For seniors looking to take advantage of the program who might need assistance, there's the Safe at Home program through the DC Office of Aging, which can assist seniors with finding contractors for home repair (or camera installation). For those who cannot afford a computer or internet access, Connect DC can help residents get access to computers and internet at highly subsidized prices. 

More questions on the program?
Contact the program at or 202-727-5124.

Some Camera Options for Residents:

What kind of camera should you buy?
Do your research and go to and Costco to find good deals on cameras. Look for a camera that offers a minimum of 720p resolution (1080p is better), night vision and at least 50 feet of acuity. If you have an iPhone or Android phone, look for one that offers an app so you can view the system remotely. Don't go overboard, but don't go cheap - you do have up to $200 per camera to spend. Here's a few options...

One system I recommend (since I bought it myself) is the Arlo Pro system from Netgear. While the decision on what system is up to you, the Arlo Pro is battery-powered, so no wires to deal with. It offers some great features and the price for two cameras is less than $300 (before tax), while a 4-camera set is $499, all within the limits of the program.

The newer Arlo Pro 2 offers some good features, but the 2 has recently had some complaints in Amazon reviews. We’re pretty happy with our “non-2” Arlo Pro, so for what it’s worth, it gets our seal of approval.

Both versions offer high definition video with night vision (though I read that the Pro is better at night than the Pro 2), two-way audio so you can hear and speak, and free cloud storage of video (a huge savings). For an additional $3.99 a month (or $39.99 a year) per camera, you get person detection, package detection and “activity zones.”

Here's some of the Arlo Pro features (same for both versions):

  • 100% Wire-free - Easily place cameras wherever you want.

  • Weatherproof

  • Rechargeable Batteries - Include rechargeable batteries that support fast charging.

  • 2-Way Audio - Built-in mic and speaker enable push-to-talk capability, so you can listen in and talk back.

  • 7 Days of Free Cloud Recordings - Comes with recurring 7-day free cloud recordings. Live stream or view recorded video and audio for up to 7 days, free of charge.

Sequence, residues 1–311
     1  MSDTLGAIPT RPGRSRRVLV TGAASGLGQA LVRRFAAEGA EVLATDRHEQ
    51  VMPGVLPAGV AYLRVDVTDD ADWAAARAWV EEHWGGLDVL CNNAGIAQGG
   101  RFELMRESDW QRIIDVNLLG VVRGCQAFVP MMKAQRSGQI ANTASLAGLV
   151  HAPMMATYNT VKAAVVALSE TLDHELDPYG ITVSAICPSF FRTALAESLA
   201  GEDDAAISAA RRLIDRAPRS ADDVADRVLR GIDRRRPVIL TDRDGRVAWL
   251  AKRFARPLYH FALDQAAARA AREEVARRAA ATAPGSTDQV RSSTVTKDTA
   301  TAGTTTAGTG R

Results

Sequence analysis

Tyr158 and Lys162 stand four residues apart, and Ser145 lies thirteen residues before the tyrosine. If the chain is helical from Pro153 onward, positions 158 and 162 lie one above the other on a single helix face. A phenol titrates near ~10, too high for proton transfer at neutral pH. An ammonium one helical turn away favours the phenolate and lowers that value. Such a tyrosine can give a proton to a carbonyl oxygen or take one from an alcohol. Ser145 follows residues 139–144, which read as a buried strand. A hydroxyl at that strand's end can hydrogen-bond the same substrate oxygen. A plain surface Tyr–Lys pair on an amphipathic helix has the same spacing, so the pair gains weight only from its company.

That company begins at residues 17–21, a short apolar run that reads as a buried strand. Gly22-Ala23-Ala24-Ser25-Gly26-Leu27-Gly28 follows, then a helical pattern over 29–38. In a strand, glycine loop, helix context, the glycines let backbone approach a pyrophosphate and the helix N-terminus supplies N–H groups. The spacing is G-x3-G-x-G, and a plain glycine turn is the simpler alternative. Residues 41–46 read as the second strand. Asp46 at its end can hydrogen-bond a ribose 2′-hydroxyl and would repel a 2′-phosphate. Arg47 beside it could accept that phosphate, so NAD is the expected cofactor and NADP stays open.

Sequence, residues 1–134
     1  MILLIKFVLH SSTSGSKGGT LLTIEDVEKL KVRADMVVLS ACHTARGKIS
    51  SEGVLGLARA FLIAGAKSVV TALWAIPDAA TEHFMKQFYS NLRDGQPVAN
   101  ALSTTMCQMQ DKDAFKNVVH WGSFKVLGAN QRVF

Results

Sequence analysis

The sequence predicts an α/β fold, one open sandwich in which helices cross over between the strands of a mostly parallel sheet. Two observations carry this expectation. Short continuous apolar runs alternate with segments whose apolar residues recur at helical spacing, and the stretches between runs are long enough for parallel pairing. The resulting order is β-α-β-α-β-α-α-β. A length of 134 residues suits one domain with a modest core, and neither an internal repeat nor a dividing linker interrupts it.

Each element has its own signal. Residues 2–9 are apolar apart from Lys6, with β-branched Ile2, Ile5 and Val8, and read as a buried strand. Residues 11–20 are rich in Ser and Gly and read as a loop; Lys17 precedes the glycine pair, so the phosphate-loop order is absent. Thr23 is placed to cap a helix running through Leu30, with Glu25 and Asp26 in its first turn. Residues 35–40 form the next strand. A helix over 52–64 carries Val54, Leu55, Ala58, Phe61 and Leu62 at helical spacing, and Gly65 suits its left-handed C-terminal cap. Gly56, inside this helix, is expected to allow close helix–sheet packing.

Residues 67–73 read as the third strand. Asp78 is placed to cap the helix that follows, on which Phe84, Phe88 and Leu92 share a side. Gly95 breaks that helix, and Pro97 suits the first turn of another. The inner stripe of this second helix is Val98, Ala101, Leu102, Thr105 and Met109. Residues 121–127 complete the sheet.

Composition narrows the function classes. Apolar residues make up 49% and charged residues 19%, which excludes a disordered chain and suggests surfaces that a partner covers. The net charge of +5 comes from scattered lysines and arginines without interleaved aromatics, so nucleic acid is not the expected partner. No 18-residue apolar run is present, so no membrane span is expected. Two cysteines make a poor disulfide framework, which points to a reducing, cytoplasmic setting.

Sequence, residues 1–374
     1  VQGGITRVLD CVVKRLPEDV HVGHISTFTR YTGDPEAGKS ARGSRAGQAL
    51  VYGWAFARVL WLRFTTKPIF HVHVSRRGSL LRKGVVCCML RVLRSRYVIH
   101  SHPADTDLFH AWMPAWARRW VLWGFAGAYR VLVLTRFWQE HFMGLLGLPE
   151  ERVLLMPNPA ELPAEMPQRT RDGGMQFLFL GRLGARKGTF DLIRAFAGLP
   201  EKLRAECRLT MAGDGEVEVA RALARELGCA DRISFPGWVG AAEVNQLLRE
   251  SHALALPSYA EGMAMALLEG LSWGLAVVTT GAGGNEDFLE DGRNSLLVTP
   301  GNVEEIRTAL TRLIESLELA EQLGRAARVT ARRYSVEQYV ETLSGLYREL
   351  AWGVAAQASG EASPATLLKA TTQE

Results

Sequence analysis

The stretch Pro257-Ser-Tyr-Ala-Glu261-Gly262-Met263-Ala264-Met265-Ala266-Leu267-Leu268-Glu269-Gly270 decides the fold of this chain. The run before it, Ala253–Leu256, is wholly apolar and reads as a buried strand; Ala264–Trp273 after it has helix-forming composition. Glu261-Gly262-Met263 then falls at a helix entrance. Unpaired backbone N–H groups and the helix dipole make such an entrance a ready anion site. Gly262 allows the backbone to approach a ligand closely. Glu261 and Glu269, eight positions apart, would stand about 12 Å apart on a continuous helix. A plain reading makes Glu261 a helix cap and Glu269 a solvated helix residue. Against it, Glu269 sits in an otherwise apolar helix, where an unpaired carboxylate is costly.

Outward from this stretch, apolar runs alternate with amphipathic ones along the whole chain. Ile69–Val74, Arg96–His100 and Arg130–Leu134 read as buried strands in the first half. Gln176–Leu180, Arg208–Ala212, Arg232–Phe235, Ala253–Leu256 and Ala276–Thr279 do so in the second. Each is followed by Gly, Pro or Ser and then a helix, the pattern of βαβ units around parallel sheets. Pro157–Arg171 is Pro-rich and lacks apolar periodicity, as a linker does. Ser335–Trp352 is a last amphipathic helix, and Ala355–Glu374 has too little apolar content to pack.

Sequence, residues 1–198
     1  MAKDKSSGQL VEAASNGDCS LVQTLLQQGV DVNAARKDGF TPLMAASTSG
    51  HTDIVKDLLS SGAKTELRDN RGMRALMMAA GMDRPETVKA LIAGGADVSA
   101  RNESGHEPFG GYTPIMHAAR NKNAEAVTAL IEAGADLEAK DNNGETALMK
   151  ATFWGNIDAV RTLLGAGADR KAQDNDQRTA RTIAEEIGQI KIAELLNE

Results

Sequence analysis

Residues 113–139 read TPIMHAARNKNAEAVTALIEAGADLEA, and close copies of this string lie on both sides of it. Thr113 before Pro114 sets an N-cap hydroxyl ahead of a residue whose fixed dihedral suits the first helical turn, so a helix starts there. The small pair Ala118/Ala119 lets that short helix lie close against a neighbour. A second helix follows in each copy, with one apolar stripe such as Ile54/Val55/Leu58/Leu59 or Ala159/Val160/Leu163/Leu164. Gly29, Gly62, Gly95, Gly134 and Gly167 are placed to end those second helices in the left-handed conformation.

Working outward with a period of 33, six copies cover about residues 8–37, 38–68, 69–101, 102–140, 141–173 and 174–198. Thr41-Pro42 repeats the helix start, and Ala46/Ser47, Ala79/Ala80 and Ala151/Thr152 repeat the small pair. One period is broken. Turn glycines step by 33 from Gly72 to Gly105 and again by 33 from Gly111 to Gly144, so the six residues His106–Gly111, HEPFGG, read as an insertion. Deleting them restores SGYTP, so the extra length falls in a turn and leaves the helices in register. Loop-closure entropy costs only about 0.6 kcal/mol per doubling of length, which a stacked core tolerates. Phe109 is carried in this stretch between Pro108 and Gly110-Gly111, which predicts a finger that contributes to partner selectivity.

• HD Video - Enjoy sharp, detailed video.

  • Smart Siren - 100+ decibel siren (inside, on the base station).

  • Night Vision - See in the dark.

  • Local Backup - Can use USB storage on the base station for backups.

  • Smart Home - Works with IFTTT, SmartThings, etc.

Another system to consider is the Nest Outdoor Camera, also available for less than $300 on Amazon for two cameras. A weather-proof version of their popular indoor camera, the Nest offers high-definition video, person alerts (it can tell the difference between a person and a car and alert you), as well as night vision and it works with Amazon’s Alexa.

Continuous 24/7 recordings, for a price.
The difference between Nest and Arlo is that the Nest requires wires to be plugged into an exterior outlet, and requires you purchase their cloud storage ("Nest Aware") to view live video or recordings. It will record video continuously 24/7 for as low as $50 a year for 5 days of continuous recording, and up to $300 a year for 30 days of recordings — per camera, and they do offer some bundles for multiple cameras. You do get some interoperability with other Nest devices, so take all that in account.

Some features of the Nest Outdoor Camera:

  • 24/7 live video

  • 130º wide-angle view lets you look after your home in 1080p HD, day and night

  • Alerts on your phone

  • Weatherproof

  • Talk and listen

  • Night Vision

Another really popular system is Ring doorbell camera, available for $99 and higher. I know many neighbors who use it and really like it. It can replace your existing doorbell (there's also a solar-panel powered version). It offers high definition video, two-way audio and the ability to view the video from your phone. Obviously, it’s really only good for the front of your house. The cloud storage is extra money though, so that should be a consideration.

Here's some features of Ring:

  • Wide-angle HD video.

  • Night vision.

  • Motion-activated alerts.

  • Wi-Fi compatible.

  • Mobile app access.

  • Weather-resistant.

  • Lifetime purchase protection (free replacement if it gets stolen).

  • Easy installation.

  • Rechargeable battery or use existing door bell wires.

General requirements for the Security Camera Program: